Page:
Orca: the apex predator of all the seas
The Tlingit, whose territory is in the Pacific Northwest coast of North America have a legend about the origin of orca (Orcinus orca) that is in accordance with the absence of written records of anyone being killed by a wild orca. A hunter called Natsilane carved a black fish out of wood, which came to life when launched in the sea. He ordered black fish to kill his fickle brother-in-laws who had abandoned him on a deserted island. When this was done he then instructed the black fish to never harm humans again. Blackfish, or orca, or killer whale are revered in Tlingit culture as a powerful force of nature with an affinity for humans.
Orcas are consummate hunters with a wide and inventive repertoire of hunting techniques. They spit fish onto the surface of water as bait for seagulls. Working in teams they make waves wash over ice floes in order to push seals taking refuge on them into the sea. They catch great white sharks to eat their livers that are a rich source of squalene, a precursor for synthesising hormones. Catching a person from a kayak or canoe would be well within the skills of an orca. Yet while mythology of the Pacific Northwest attributes power and strength to orcas they are not feared and it is considered auspicious to see them.
Orcas have their own language of clicks, whistles and calls, and also imitate new sounds and use them in appropriate settings, ie, they are one of the few species alongside humans that have vocal learning, a cognitive ability that underpins language. Living in matriarchal family groups they travel together in pods consisting of extended family. Pods sharing similar calls are referred to as clans. They adhere to group traditions from which fish they eat to behaviours such as greeting ceremonies. (Salish sea resident orcas line up in two rows and then pile in to jostle each other – an orca moshpit). No surprise then that captive orcas, deprived of their rich cultural landscape are not representative of wild orcas’ behaviour, and people have been killed by captive orcas.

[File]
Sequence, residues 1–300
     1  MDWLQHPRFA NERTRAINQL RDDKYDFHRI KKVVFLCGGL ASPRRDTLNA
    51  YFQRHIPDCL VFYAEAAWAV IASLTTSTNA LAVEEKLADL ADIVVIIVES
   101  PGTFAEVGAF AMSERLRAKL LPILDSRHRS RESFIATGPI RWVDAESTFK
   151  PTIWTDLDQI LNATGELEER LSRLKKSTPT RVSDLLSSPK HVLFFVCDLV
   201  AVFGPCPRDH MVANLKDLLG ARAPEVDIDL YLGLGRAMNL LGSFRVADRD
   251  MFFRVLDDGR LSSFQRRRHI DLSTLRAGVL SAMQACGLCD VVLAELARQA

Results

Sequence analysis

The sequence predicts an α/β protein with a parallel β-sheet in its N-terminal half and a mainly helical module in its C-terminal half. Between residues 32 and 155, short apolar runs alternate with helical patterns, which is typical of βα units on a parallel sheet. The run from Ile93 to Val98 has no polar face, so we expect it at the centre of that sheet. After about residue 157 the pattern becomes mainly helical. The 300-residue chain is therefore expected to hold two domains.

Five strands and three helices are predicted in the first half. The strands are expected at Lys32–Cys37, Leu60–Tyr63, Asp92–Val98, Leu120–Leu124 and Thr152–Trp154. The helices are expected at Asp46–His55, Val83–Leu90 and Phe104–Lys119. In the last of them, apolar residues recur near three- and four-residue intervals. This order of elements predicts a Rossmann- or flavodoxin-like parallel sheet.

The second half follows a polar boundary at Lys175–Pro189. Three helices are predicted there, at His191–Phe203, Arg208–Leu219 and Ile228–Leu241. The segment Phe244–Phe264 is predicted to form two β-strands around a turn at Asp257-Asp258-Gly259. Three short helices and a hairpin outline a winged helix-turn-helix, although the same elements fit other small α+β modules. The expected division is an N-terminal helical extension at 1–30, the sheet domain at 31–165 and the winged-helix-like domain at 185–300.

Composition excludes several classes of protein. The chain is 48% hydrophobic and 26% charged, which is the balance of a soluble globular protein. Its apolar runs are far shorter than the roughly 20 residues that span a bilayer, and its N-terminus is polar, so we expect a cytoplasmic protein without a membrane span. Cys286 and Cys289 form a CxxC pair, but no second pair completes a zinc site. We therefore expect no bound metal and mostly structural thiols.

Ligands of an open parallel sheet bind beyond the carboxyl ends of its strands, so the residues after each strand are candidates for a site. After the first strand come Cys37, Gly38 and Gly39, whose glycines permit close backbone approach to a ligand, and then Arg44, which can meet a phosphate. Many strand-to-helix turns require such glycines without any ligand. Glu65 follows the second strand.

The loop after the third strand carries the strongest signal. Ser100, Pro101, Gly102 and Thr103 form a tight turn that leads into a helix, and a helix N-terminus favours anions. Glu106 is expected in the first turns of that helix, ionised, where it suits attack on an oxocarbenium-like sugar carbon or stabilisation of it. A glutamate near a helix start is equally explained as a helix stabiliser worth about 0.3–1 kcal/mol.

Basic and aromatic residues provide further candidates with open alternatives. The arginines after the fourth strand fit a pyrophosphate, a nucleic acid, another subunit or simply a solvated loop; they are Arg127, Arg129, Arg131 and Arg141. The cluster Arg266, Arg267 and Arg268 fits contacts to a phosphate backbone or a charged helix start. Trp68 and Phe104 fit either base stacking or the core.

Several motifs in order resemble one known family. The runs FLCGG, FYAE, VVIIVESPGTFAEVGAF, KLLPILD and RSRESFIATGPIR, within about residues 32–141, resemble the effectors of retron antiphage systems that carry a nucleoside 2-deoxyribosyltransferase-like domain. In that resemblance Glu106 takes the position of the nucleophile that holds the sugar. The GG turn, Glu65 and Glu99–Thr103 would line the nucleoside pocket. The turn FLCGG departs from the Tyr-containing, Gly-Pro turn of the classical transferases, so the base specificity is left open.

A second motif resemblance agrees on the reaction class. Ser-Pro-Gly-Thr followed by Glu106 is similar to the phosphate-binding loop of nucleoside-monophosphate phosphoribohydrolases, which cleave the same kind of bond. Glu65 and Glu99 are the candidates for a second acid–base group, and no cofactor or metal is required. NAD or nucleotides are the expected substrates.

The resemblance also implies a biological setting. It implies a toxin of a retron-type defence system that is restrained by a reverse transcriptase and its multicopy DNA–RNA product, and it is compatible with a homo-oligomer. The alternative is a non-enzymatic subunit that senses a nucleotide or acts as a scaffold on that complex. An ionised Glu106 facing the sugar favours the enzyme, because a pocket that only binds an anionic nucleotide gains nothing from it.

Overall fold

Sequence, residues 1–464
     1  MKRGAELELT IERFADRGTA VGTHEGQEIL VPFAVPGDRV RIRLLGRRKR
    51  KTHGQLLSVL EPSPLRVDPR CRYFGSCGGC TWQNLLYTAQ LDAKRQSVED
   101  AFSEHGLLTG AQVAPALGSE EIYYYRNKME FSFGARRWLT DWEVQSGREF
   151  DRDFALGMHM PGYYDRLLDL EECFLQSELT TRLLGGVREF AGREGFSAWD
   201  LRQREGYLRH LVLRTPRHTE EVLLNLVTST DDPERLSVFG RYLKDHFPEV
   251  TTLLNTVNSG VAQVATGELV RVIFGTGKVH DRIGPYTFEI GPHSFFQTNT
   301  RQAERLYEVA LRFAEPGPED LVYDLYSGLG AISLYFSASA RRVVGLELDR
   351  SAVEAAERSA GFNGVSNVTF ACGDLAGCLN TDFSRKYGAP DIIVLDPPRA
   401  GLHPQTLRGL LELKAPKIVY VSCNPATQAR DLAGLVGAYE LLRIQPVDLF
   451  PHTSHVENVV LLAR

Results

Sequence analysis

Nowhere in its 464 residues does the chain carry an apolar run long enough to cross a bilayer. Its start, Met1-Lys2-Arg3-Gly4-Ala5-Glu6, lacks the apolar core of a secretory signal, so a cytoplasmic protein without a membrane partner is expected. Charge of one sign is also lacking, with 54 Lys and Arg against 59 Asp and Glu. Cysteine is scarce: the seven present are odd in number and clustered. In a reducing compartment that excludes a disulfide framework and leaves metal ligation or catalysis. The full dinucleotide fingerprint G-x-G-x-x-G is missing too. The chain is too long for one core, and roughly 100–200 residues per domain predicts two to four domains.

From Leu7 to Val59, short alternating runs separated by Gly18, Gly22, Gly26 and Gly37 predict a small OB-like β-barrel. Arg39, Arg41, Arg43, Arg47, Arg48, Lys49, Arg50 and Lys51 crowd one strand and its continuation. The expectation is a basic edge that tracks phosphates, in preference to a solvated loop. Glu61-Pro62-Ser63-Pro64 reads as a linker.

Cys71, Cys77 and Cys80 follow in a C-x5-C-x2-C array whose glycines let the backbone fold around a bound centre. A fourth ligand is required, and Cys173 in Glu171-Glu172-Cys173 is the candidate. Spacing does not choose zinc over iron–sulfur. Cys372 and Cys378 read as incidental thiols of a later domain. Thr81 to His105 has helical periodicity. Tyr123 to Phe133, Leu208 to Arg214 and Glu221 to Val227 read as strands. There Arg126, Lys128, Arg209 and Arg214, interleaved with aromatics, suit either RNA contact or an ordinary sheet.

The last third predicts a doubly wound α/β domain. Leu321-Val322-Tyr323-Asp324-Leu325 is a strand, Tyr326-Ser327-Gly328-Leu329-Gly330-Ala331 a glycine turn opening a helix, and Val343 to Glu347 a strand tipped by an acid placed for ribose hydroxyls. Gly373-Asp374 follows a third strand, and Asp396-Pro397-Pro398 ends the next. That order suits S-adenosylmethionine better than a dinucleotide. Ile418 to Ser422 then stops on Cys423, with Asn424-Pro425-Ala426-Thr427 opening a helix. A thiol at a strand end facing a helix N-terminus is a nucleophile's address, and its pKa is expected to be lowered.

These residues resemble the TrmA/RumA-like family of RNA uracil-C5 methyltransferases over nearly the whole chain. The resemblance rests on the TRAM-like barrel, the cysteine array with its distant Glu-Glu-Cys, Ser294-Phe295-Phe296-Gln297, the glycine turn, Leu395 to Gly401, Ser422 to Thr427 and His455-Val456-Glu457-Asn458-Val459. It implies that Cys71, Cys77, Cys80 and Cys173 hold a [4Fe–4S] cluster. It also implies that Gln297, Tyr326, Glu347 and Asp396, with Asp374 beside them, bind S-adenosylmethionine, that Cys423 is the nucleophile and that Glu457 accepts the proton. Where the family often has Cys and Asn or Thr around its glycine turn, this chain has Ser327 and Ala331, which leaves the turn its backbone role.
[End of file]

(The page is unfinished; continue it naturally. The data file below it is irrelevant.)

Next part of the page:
Britain’s resident group
Orcas are the aquatic mammal with the widest distribution. They are found in all oceans from the Aleutian Islands to Antarctica. Britain has a small resident group of orcas the live on Scotland’s west coast. This group is unlikely to persist as they have not produced a calf for more than 25 years. Their reproductive failures may be due to polychlorinated biphenyls (PCBs) that were phased out of use from 1979 to 2000, as they are toxic to humans and animals, but still contaminate European waters. Last year a killer whale from the west coast group died after being entangled in fishing lines. Levels of PCBs in her body were 20 times higher than the threshold at which physiological effects are caused. Most orcas seen in British waters are visitors from Iceland.
Where to see orca
It might be more relaxing to see near 7 metre long 6 tonne apex predators from dry land. Or a large boat. May to July is the peak season for sightings in Orkney and Shetland.
· Duncansby Head, Caithness, Scotland
· Cantick Head, Hoy, Orkney
· Noup Head, Westray, Orkney
· Sumburgh Head, The Mainland, Shetland
· Mousa sound, The Mainland, Shetland
Swimming and Wildlife by Susanne Masters with illustrations by Alice Goodridge is a monthly feature in Outdoor Swimmer Magazine.